Nearly a year after the project was completed, North Dakota gathered this month to celebrate the Rugby Wind Power Plant. In the tiny town of Rugby, where the population fell 15 percent over the first decade of the new millennium to 2,510, the giddy effect of 17 full-time permanent jobs — in addition to 149 megawatts (MW) of wind power — apparently lingers.
At the event, U.S. Senator Byron Dorgan (D-N.D.) captured the belief that wind represents a huge economic opportunity for the prairie state. “North Dakota truly is the Saudi Arabia of wind energy potential,” he said, “and the growth we’re seeing in wind energy in North Dakota means more jobs creation, economic development and a cleaner environment.”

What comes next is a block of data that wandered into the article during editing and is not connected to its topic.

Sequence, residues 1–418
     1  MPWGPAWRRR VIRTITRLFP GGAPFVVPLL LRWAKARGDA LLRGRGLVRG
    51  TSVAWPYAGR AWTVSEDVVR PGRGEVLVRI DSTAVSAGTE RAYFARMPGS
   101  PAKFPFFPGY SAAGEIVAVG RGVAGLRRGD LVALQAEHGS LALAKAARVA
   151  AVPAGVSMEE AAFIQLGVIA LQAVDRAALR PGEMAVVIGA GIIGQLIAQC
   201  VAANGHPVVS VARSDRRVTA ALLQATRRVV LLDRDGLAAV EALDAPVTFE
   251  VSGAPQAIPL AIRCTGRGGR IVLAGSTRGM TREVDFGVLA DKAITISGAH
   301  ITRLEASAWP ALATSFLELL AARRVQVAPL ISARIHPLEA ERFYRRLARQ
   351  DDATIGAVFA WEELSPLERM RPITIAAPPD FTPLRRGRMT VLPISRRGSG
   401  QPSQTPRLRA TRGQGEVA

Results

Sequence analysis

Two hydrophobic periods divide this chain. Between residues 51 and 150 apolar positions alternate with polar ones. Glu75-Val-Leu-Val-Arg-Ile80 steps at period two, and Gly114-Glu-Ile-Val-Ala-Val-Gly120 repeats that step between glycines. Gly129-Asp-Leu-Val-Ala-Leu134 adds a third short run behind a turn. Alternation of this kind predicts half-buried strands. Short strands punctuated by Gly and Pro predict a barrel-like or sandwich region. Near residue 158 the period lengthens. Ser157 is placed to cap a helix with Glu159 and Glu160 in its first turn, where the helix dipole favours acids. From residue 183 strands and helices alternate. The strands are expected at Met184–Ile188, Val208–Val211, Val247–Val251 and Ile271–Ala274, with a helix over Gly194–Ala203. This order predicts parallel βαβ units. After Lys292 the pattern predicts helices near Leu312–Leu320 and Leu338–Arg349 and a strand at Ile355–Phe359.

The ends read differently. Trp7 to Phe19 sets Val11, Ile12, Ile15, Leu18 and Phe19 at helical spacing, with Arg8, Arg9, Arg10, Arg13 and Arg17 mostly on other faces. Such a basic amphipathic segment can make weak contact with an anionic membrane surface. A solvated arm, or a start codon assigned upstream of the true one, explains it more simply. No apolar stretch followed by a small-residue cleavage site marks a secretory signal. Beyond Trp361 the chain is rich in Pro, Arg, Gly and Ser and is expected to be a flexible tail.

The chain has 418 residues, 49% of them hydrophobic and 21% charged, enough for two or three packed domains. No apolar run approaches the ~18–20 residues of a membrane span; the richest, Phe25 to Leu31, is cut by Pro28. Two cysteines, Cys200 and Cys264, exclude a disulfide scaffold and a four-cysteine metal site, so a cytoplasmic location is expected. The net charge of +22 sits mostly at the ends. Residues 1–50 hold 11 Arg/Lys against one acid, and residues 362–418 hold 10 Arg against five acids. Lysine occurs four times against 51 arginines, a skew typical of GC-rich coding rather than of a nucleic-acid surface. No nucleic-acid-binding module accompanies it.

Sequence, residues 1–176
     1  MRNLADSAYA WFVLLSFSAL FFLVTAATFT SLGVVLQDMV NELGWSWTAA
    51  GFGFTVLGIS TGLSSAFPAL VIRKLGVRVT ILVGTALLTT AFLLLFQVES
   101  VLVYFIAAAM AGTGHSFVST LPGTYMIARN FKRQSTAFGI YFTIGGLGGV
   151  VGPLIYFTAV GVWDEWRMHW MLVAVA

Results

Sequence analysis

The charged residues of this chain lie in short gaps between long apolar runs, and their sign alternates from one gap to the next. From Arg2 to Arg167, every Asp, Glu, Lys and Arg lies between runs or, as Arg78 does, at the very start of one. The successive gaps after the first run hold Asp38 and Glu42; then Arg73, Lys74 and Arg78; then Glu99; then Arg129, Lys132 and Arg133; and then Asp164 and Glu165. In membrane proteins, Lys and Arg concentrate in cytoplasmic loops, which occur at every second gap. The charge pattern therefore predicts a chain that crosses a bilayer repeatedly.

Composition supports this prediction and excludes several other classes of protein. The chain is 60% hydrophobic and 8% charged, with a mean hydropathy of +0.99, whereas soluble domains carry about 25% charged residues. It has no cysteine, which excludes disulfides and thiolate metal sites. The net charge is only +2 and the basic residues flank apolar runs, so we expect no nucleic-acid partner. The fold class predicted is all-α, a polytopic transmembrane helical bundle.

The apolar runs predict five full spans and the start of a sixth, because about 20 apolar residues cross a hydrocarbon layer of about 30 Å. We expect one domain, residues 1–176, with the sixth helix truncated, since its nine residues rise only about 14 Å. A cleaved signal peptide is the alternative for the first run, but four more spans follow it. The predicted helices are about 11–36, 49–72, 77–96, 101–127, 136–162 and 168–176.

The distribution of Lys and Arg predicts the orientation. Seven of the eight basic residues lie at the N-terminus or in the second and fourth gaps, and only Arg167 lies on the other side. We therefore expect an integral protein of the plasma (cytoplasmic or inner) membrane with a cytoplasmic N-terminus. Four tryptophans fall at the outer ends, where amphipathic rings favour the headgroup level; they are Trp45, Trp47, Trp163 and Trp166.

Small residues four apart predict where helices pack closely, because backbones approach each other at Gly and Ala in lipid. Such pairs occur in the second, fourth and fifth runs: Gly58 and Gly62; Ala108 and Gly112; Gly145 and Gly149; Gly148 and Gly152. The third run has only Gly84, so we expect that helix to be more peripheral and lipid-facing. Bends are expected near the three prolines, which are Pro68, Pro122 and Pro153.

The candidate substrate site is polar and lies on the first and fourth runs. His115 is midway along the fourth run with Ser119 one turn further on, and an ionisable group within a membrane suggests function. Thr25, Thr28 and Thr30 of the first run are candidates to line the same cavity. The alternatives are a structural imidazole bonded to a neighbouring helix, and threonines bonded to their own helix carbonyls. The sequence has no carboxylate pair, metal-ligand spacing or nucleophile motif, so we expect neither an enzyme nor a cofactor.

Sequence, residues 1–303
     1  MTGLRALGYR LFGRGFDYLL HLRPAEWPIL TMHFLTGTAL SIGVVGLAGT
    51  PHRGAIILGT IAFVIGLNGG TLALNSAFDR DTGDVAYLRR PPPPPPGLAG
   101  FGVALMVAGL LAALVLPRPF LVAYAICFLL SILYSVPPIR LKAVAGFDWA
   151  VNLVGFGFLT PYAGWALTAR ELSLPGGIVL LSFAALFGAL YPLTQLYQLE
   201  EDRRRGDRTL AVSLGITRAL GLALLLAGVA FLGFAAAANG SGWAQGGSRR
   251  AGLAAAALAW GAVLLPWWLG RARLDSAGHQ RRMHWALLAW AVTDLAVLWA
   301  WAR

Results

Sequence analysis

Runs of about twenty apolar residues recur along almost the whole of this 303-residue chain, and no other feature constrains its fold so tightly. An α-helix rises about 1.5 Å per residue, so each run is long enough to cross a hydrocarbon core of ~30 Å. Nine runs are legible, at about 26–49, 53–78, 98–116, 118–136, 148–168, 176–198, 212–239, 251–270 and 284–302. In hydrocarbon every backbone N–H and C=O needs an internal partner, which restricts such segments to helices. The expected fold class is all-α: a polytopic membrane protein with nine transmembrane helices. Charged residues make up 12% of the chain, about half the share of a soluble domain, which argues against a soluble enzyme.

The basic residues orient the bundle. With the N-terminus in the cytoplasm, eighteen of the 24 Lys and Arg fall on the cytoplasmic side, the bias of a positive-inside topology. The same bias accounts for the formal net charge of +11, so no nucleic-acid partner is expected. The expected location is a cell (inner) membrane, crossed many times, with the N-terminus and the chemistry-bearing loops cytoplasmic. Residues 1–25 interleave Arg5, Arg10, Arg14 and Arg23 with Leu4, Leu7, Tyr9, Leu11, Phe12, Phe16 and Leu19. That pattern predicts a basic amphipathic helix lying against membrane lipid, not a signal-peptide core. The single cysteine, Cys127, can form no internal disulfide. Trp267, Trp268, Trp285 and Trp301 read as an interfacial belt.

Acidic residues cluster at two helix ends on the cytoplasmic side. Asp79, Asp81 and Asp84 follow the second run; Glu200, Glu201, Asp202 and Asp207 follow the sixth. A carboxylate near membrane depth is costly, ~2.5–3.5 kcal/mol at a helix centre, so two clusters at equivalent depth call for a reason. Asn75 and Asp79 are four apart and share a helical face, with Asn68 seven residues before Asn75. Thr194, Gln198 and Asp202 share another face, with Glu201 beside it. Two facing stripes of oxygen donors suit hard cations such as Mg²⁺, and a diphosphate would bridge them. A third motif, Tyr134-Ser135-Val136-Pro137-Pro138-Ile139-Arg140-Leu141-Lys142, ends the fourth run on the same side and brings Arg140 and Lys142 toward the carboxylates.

The wind farm is about the biggest thing to hit Rugby since the town laid claim — dubiously, it appears — to the title “Geographical Center of North America” in 1932. Over the course of construction, some 250 workers were employed at the site. Iberdrola said that in addition to those temporary jobs and the 17 permanent ones, the wind project contributes about $2 million annually in the form of landowner lease payments and property taxes.
The plant is made up of 71 new Suzlon S88 turbines, each capable of generating 2.1 MW turbines of electricity. Missouri River Energy Services gobbles up nearly a quarter of the energy to power 11,000 homes in the upper Midwest, while Iberdrola markets the remaining energy.
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